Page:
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WPGM Recommends: Allie X – CollXion II (Album Review)

After listening to Allie X’s debut, CollXtion II, the first two times, I immediately thought ’it’s undisputed…she’s a princess of pop.’ Its been in constant rotation the last two weeks, and my initial thoughts are solidified. Allie X is one of the best in pop.

During the build-up to release, CollXtion II received minimal publicity, the lack of buzz was and still is apparent.  It’s a damn shame a talented songstress can fly so far under the radar. Why? Because Allie X has all the key ingredients that is needed for pop stardom.

Not only is her song-writing brilliant (she knows how to write bombastic, glitzy choruses), X’s voice melds with the production to be another knock-out punch. It’s rare for a pop artist to possess all the necessary qualities to succeed without a well-oiled machine behind them. Whilst Allie X doesn’t have a major label backing her (through her own choice) she has enough talent and a slowly enlarging, cult fanbase.

One of the most obvious things that comes to mind after a few tracks in, is that Allie X is the Queen of melodies. As soon as “Casanova” begins and X’s soft vocals ooze in, it’s clear she knows how to deliver melodies with finesse. Even the verses have such a catchiness, that I was completely taken aback by the chorus.

It’s one of the purest examples of pop perfection, it’s bloody brilliant and it never loses its impact. The way she cooly delivers, ‘Casanova, fuck me over/left me dying for your love,’ is truly wondrous. In writing it sounds fairly simplistic but the execution is what makes it special.

Lifted” and “Simon Says” round off a trifecta of how to write pop music 101. These two tracks alone display X’s flavour of darkened bubblegum production with an abundance of killer hooks and song-writing prowess on display. “Lifted” is a dreamy affair backboned by a woozy synth line riding atop a cataclysmic bass-line.

Whereas “Simon Says” is an eerie take on the childhood phrase, featuring melancholic vocals and an ominous chorus. There isn’t a track that dips below the high-bar that is set early on. Nothing meanders or lingers for too long, every piece of the musical puzzle seems purposeful.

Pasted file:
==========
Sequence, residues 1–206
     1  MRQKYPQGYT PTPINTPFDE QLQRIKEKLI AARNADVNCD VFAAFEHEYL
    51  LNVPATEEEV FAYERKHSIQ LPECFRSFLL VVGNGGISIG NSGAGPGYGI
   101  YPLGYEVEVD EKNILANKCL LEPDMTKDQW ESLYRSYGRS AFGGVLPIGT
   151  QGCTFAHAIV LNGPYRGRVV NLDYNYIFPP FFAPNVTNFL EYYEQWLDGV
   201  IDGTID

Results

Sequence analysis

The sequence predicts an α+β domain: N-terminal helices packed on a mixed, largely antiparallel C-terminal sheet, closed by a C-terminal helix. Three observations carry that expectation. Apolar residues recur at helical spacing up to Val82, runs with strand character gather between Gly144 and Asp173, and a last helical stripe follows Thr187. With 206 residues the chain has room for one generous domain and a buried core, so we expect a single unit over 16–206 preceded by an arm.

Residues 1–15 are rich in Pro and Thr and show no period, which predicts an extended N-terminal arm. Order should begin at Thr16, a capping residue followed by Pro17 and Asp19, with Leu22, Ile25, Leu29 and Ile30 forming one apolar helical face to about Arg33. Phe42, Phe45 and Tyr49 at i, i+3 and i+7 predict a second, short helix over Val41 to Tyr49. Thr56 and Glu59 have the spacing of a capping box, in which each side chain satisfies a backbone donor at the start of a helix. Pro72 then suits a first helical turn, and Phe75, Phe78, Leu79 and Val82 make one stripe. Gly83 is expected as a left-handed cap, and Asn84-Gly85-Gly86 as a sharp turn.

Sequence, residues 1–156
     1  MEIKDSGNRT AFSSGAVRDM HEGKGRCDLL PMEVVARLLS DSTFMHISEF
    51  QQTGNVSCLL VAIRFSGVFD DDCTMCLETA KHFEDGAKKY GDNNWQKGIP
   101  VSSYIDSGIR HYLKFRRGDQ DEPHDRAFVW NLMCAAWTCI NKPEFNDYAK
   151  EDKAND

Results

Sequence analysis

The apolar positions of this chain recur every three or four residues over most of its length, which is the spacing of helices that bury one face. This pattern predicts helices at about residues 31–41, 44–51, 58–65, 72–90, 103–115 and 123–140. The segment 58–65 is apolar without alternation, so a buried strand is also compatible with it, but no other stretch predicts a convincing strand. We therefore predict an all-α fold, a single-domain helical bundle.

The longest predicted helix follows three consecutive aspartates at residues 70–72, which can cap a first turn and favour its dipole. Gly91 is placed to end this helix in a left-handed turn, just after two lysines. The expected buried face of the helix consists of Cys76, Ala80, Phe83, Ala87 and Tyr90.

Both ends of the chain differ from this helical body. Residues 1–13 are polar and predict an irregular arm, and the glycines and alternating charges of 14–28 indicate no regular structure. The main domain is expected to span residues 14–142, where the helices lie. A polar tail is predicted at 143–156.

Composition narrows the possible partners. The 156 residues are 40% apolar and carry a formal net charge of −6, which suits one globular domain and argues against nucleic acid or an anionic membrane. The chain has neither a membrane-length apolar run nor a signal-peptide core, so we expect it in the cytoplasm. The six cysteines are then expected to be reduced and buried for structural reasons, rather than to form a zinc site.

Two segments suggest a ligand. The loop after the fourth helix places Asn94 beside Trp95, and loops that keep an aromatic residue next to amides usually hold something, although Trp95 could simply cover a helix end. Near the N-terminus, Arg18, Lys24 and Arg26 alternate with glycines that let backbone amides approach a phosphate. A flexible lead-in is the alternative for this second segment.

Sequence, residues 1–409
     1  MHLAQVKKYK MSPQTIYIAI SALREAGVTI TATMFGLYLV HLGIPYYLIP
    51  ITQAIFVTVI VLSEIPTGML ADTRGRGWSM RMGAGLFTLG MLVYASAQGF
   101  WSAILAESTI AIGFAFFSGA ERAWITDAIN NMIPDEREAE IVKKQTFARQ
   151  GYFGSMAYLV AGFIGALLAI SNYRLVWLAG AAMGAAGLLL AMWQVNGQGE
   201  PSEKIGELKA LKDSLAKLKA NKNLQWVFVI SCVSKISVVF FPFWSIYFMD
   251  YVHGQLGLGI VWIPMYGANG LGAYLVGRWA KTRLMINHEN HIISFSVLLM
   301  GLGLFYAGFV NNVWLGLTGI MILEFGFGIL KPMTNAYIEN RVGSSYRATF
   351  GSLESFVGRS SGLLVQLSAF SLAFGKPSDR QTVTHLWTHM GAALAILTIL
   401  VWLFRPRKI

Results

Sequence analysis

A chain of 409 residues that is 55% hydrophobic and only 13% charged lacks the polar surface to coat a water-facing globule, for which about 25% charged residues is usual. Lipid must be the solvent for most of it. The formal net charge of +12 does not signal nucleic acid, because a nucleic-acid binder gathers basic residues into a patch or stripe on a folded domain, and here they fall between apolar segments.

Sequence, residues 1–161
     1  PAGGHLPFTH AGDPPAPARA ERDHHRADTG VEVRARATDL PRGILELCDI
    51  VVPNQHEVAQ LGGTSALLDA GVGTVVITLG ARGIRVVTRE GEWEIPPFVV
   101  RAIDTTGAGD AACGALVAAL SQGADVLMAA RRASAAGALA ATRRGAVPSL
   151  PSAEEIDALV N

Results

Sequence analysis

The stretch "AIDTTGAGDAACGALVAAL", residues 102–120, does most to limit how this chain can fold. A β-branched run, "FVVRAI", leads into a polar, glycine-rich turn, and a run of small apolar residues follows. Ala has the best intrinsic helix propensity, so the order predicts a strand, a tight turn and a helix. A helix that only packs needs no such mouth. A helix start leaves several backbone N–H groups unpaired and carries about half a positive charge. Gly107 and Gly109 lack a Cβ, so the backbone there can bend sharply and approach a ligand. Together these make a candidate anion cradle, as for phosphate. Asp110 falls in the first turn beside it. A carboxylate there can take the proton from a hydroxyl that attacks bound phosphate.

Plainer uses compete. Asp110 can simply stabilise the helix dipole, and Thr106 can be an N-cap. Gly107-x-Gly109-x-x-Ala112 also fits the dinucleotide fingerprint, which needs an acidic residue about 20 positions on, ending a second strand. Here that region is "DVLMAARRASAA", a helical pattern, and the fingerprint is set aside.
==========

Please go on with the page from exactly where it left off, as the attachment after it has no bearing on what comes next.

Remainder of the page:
For example,  “Old Habits Die Hard” is a fine example of song composition. From beginning to end, it’s filled with all the key elements of what makes a song great. It has lush melodies, quirky vocals, razor-sharp lyricism, a disco hook and a glass-shattering chorus.  All the songs offer something and I found myself being completely captivated by it all.

Whilst Allie X delivers brilliant song writing on her debut, the production is also fantastic. To sum it up, it’s supercharged bubblegum pop. Instrumentals are larger than life, even when there are some ‘mechanical’ moments. The musical backdrops are diverse and polished, contributing to the well-rounded experience. The bass often thumps and thuds without being overbearing. The synths sizzle and ricochet.

CollXtion II sounds alive, and its liveliness is strengthened by the vocals. Vocally, Allie is smooth and sweet. She has a strong range, soaring highs and a controlled mid. The way she commands her voice, it all seems so effortless. The album exudes emotion and passion.

I can’t say it any more plainly, her debut LP is excellent and it feels as if it was a blast to make. The music reflects that. It’s the most fun I’ve had listening to an album in quite some time. It’s full of sentiment, bops and bangers. CollXtion II is this year’s Emotion, a sure-fire underrated, under recognised pop gem that has the potential to join the long list of decade defining pop.

Allie X CollXtion II is available now via Sugar Music. Purchase it on iTunes here.

Words By Jake Gould

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